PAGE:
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11 August 20239 minute read

Industrials Regulatory News and Trends - August 11, 2023

Welcome to Industrials Regulatory News and Trends. In this regular bulletin, DLA Piper lawyers provide concise updates on key developments in the industrials sector to help you navigate the ever-changing business, legal and regulatory landscape.

Steel industry is expanding in response to government stimulus and electric-vehicle growth. Partly in response to the billions of dollars of infrastructure spending and of solar-power and wind-power investment fostered by the Biden Administration, the US steel industry is now expanding rapidly. The Wall Street Journal reported August 3 that steelmakers are investing in new plants, anticipating a big payoff from the steel needed for federal infrastructure projects, increased car production, and new electric-vehicle battery facilities. The industry is also anticipating the construction of large new plants to manufacture semiconductors. According to the article, steel executives expect that funding will start to reach specific projects later this year, allowing orders for steel and other materials to follow. The construction and automotive industries are the biggest users of steel made in the United States.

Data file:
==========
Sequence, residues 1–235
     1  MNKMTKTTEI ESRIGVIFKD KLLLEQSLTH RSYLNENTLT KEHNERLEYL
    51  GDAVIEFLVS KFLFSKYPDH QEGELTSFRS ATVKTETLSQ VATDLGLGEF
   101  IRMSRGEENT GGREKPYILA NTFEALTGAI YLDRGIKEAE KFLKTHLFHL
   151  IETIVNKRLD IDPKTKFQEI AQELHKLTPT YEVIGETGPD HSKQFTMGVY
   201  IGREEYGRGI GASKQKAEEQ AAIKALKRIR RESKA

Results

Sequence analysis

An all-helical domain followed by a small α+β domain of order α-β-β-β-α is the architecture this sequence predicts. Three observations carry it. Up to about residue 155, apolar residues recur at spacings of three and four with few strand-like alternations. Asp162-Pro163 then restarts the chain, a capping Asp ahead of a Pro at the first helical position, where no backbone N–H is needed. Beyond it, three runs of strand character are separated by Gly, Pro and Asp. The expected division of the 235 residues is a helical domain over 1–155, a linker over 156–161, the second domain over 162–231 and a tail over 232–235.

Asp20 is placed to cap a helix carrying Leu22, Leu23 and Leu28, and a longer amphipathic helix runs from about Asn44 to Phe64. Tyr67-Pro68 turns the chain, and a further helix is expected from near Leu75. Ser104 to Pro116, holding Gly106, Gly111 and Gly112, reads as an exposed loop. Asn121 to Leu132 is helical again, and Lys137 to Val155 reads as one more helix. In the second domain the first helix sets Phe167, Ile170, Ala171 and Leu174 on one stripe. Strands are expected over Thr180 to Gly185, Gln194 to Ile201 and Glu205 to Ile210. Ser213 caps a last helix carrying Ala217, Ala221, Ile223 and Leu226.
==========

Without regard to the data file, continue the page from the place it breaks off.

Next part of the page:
Automakers join in project to build EV charging network. On July 26, seven major automakers announced they are joining to build a large North American electric vehicle charging network. Auto industry analysts say that the move by General Motors, BMW, Honda, Hyundai, Kia, Mercedes, and Stellantis to build a network of rapid chargers will nearly double the number of quick-charging plugs in the US and Canada and is designed to induce the mass of US consumers to consider buying EVs instead of gasoline-powered vehicles. These seven brands represent about half the US vehicle market. The companies said they aim to roll out 30,000 chargers in North America, starting along major highways and in cities. The automakers project that the first stations in the network will be in the US and will open in 2024.

In related EV news, Stellantis announced on August 7 that it will add a second affordable battery-electric vehicle to its lineup, a Fiat-branded entry-level EV with a projected price tag of about $27,500. Initially, the vehicle will target the European market, competing with the Renault Dacia Spring. Earlier this year, Stellantis announced it will begin delivering its Fiat 500e to the US market in early 2024. The new all-electric model has been on sale in Europe since 2021.